Audio: Graphene Takes Flight

Katie L. BurkeOct 13, 2016

An interview with aerospace engineer Billy Beggs about the first ever graphene-coated airplane, built by his team.

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Particle Colliders on the Horizon

Emily ThompsonSep 25, 2016

Once data collection finishes at the Large Hadron Collider in roughly 15 years, what potential facilities will advance particle physics next?

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Fire’s Weird Behavior in Space

Fenella SaundersApr 13, 2016

In the microgravity environment of outer space, flames burn very differently than they do on Earth. Understanding those differences not only helps researchers grasp the properties of combustion and burning, but is also crucial for outer-space missions.

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Crowdsourcing the Paleolithic

Sandra J. AckermanDec 31, 2015

Who knows what you may discover from the comfort of your armchair?

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Can Your Phone Tell You If Your Food Is Safe?

Fenella SaundersOct 10, 2015

[VIDEO] Determining whether your food is safe to eat could soon be as simple as activating an app and pointing your mobile phone at the meal on your plate. In the latest in our series of Google Hangouts with Sigma Xi Distinguished Lecturers, Omowunmi Sadik discusses biosensors—what they are, how they work, and how they can help us determine whether our food contains unsafe levels of pathogens. Along the way, Dr. Sadik also talks about electrochemical "fingerprints," nanotechnology ethics, regulatory processes, and the patenting process, as well as her early years of studying science in Lagos, Nigeria.

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Developing Duplicates: 3D Printing Replacement Body Parts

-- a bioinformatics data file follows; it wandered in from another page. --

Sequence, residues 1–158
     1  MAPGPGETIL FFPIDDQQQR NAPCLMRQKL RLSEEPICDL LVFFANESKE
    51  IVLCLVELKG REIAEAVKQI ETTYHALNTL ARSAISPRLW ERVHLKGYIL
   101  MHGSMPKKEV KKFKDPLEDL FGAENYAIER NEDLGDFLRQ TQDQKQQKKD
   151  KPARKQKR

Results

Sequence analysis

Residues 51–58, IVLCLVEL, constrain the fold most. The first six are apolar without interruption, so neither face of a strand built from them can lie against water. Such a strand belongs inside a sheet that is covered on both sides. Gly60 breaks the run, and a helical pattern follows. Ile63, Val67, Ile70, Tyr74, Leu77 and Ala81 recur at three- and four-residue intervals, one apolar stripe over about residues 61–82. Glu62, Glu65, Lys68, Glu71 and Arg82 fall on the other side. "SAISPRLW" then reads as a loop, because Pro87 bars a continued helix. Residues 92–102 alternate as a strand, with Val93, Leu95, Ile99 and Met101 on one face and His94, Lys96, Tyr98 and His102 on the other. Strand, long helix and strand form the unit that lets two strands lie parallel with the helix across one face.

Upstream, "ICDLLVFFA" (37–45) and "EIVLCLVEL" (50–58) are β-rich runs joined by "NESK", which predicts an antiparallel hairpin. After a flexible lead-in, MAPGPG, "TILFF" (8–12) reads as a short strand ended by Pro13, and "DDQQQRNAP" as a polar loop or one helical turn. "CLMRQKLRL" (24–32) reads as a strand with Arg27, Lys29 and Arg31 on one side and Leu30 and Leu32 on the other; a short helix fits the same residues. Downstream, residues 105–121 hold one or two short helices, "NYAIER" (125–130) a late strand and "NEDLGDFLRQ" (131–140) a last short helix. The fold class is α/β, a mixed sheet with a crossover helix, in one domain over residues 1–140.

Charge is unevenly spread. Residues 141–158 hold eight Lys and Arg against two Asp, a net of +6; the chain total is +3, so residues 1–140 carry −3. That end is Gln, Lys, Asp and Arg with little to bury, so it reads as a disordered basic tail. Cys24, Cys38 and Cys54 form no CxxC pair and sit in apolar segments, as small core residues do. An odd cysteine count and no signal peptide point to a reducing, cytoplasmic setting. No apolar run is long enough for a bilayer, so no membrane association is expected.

Katie-Leigh Corder, Fenella SaundersAug 16, 2015

Researchers in the regenerative medicine field are now amplifying their efforts with 3D-printing technology, which can now use organic materials to create scaffolds that cells need to grow into their final forms.

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How Forensic Scientists Find a Dead Body—
And How Microbes Can Help

Raychelle BurksAug 6, 2015

Finding a dead body within a suspected area is challenging, and new tools can help forensics teams cast a wider net.

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The Day the Bomb Dropped

Fenella SaundersJul 16, 2015

On the 70th anniversary of the first successful nuclear weapon test, we've collected a selection of articles and book reviews from American Scientist that cover this controversial topic from multiple angles.

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The Power of the Little Guy

Fenella SaundersJul 14, 2015

Inventor Dean Kamen is resolved to engineer clean water for the entire world, and he might just do it. Included is a clip from the documentary SlingShot about Kamen's latest invention.

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Celebrating 25 Years in North Carolina

Katie-Leigh CorderJul 1, 2015

Sigma Xi, The Scientific Research Society moved from Connecticut to North Carolina in 1990 to be in the heart of the Research Triangle. We’re celebrating our 25-year anniversary of calling North Carolina home! Since then, we’ve experienced the state’s vibrant scientific research and diverse landscapes, from the mountains to the sea.